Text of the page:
Tag Archives: tipsy parson

Tipsy Parson

A month or so ago, while browsing through an airport news shop, I noticed out of the corner of my eye a magazine called Garden & Gun.  I stopped in my tracks and squinted to see if that was, in fact, the name of a magazine.  And it was.  So, naturally, I had to investigate.  I was fully expecting this to be a joke – some MAD Magazine spin on Southern Living.  But no, this magazine is for real, and it takes itself very seriously.  An online description states that it is “A Southern lifestyle magazine that’s all about the magic of the new South – sporting culture, food, music, art, literature, people, and ideas” – which sounds pretty interesting to me, being from the south and all.

I thumbed through the magazine and discovered that it contains interesting lifestyle pieces and beautiful photography.  However, what grabbed my attention most in this particular issue was the supersized mint julep cup on the front and the cover story, “The South Invades NYC.” In the story, the author discusses the many southern-inspired restaurants popping up around Manhattan and Brooklyn.  Since I’m a New York transplant from the Deep South, the southern food trend that seems to be overtaking the city both excites and scares me – I’m excited to be able to get some of the flavors from home that I love, but I’m scared that I’ll be sorely disappointed by the way they are interpreted.  Nonetheless, I decided to try two of the restaurants mentioned in the article – The Redhead and Tipsy Parson.  Though I will also post a review on The Redhead, this post will focus exclusively on Tipsy Parson.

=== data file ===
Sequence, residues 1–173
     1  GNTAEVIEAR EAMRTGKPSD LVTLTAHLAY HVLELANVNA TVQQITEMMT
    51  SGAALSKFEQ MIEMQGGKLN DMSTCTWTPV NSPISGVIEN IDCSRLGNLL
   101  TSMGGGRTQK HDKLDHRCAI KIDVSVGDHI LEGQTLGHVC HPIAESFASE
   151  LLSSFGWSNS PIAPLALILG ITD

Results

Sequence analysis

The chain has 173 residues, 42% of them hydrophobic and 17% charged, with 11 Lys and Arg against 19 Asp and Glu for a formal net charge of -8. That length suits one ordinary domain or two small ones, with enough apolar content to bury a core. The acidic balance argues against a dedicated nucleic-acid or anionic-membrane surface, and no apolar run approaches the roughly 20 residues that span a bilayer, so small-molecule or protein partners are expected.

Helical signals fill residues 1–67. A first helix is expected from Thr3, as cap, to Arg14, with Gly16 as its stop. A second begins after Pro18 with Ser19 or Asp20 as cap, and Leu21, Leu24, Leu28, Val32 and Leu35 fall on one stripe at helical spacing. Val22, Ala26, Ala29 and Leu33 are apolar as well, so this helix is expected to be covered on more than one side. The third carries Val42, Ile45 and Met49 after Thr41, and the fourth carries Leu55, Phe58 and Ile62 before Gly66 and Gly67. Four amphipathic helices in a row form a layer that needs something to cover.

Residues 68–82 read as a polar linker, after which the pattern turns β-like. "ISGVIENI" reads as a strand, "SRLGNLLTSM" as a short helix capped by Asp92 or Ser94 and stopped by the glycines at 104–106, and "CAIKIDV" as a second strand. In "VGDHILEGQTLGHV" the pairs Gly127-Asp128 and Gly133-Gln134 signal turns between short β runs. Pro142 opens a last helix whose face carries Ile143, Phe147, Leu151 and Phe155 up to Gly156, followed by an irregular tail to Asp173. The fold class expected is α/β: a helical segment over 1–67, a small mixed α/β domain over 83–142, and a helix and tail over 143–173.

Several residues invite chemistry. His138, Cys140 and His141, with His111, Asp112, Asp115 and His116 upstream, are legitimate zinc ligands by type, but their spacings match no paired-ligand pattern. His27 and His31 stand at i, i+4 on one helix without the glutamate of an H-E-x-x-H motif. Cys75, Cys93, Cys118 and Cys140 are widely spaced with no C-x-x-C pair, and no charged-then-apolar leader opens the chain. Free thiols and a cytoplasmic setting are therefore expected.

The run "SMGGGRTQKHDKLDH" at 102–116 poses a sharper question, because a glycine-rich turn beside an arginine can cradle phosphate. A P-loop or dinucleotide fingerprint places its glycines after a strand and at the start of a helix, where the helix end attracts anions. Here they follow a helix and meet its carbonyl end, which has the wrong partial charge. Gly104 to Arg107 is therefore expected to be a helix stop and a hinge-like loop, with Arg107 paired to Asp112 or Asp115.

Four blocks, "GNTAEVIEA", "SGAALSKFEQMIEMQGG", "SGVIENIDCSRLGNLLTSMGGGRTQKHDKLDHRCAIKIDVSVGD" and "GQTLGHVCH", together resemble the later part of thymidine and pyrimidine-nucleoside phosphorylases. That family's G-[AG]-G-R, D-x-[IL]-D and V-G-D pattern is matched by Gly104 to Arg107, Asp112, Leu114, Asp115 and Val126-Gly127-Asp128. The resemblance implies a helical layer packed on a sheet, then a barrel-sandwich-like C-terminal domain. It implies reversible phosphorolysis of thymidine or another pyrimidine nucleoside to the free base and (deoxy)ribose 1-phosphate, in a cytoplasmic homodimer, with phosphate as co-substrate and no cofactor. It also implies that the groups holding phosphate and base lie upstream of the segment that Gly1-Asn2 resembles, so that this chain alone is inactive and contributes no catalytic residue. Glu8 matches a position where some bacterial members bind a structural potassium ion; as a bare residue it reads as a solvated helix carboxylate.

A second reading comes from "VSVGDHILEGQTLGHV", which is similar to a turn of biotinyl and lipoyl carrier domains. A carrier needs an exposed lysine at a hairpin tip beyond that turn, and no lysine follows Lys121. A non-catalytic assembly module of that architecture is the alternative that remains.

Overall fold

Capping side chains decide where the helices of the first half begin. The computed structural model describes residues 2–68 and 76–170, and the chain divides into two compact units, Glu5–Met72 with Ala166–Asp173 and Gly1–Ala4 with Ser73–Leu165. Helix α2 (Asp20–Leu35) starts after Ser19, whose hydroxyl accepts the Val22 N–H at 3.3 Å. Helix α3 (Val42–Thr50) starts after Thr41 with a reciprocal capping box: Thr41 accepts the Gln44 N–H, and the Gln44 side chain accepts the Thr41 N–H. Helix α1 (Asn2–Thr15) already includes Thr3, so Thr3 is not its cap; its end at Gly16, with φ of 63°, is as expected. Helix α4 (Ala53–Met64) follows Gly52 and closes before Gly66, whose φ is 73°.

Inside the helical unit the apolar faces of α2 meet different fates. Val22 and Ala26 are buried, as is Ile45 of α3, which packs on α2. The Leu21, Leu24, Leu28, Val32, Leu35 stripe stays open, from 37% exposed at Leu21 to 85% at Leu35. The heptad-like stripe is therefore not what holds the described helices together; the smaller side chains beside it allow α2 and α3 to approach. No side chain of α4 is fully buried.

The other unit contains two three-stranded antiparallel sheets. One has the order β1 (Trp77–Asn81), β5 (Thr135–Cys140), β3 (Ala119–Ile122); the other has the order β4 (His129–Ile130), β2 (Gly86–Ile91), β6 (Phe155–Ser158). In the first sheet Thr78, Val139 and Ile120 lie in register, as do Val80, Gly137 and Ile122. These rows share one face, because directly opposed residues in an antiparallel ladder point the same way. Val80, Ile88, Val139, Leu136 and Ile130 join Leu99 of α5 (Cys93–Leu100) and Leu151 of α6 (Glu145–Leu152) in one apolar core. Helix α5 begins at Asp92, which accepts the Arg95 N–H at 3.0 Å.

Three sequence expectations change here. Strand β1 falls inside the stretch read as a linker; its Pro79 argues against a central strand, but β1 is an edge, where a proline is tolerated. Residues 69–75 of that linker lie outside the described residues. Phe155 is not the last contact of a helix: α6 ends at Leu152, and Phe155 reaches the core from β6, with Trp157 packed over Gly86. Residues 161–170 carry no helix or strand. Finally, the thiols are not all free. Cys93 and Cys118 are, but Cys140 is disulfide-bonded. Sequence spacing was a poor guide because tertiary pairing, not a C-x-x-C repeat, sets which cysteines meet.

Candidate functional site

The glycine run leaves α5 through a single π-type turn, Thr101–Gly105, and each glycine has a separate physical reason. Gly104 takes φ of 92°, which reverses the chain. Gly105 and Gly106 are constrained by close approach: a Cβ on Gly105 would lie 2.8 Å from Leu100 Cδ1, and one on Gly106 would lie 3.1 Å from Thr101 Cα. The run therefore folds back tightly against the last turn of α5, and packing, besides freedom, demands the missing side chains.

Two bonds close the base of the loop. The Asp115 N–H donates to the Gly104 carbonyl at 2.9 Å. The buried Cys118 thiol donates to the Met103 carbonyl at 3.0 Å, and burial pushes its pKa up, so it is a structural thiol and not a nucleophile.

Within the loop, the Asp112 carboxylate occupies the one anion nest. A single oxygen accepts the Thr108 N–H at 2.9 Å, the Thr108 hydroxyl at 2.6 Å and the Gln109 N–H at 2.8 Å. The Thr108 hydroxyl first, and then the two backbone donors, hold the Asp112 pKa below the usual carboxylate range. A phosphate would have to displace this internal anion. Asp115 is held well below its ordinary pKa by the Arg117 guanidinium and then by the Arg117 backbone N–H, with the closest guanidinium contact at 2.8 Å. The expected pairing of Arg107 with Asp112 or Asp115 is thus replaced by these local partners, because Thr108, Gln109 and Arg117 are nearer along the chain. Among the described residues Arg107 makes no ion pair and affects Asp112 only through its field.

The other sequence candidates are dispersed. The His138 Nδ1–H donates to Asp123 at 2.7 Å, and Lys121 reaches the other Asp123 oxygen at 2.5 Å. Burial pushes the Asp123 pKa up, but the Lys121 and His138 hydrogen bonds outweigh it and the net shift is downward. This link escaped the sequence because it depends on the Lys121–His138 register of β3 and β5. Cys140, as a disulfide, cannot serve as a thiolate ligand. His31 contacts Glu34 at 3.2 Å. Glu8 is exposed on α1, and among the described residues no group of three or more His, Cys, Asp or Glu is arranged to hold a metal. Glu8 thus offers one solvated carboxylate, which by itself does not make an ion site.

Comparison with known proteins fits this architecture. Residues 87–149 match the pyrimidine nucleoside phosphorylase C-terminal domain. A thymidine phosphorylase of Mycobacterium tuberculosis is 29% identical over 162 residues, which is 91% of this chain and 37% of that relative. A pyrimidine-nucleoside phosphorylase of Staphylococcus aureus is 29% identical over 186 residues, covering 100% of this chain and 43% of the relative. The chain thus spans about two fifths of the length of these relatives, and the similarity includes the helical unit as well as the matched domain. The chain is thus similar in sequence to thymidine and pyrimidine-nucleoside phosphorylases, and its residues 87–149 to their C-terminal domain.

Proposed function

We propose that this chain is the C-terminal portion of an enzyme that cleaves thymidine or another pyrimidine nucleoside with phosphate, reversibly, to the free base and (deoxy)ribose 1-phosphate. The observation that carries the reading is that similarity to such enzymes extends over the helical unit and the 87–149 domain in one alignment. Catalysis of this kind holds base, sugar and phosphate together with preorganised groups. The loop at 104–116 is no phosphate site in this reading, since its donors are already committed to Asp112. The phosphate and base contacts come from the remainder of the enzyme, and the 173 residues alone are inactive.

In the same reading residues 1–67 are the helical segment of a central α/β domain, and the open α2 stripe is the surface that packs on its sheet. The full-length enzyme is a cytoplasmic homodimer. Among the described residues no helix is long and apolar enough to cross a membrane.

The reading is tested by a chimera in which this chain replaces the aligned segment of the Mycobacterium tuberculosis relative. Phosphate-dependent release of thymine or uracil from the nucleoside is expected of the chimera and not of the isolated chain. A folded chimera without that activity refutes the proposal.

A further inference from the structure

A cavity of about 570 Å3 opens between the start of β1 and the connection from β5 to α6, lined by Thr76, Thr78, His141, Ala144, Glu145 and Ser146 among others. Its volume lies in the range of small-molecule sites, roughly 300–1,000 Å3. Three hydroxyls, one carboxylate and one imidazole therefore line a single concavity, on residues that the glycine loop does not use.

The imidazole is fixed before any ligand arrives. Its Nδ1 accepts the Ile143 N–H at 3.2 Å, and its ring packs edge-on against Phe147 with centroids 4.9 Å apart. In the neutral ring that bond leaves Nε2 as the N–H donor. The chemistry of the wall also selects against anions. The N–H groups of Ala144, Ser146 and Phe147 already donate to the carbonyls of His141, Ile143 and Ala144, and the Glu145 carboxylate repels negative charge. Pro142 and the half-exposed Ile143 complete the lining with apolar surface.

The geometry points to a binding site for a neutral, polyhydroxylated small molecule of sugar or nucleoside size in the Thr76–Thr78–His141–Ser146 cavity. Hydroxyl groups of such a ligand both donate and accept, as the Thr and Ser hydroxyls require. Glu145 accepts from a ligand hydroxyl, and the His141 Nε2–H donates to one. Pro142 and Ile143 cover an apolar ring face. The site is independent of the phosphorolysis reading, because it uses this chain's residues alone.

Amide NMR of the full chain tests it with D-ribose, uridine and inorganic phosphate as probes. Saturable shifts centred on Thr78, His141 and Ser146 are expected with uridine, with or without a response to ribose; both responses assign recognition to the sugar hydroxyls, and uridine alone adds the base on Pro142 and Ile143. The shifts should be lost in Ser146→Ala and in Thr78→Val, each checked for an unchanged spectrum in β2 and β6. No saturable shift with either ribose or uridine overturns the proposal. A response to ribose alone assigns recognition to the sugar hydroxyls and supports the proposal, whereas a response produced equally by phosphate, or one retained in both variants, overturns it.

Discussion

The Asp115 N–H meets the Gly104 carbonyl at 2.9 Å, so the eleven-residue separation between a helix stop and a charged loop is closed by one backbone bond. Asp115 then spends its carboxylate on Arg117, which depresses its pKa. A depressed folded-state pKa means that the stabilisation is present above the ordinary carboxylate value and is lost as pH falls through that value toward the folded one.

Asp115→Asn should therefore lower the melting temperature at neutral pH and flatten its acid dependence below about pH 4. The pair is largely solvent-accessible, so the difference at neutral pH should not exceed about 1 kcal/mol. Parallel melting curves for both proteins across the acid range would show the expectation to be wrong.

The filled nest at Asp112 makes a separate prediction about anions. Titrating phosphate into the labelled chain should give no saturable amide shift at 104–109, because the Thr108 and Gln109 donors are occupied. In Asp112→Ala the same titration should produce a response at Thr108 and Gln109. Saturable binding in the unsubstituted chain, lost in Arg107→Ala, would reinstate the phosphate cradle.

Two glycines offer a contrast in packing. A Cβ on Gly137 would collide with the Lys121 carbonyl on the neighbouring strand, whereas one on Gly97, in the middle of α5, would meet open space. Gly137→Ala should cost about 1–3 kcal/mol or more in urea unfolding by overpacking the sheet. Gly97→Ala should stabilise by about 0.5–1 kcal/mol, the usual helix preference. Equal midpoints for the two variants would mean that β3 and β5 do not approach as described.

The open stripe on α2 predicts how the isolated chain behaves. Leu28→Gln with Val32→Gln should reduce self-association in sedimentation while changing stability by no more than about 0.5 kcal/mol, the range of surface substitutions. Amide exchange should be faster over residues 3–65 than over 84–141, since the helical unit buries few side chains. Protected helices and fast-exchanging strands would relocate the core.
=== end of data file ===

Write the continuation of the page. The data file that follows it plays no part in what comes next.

I made reservations for a Saturday night at 7:15, and when I arrived, the restaurant and bar were pretty empty.  This immediately worried me.  But, since my friend was late, I decided to sit and have a drink at the bar.  Tipsy Parson is known for its frozen peach julep – the image from the cover of Garden & Gun – but it is nothing like a traditional mint julep.  However, it’s very good – shockingly good for a frozen cocktail, which always conjure up in my mind images of tropical beaches or Bourbon Street.  It was well blended and fully frozen – it didn’t have pools of liquid rising to the top like you sometimes get when frozen cocktails haven’t been in the machine long enough.  The peach flavor tasted pretty authentic – I don’t think they use a peach syrup – and it wasn’t saccharine, just pleasantly sweet.  It’s really a perfect summertime drink  and would be a great at a BBQ.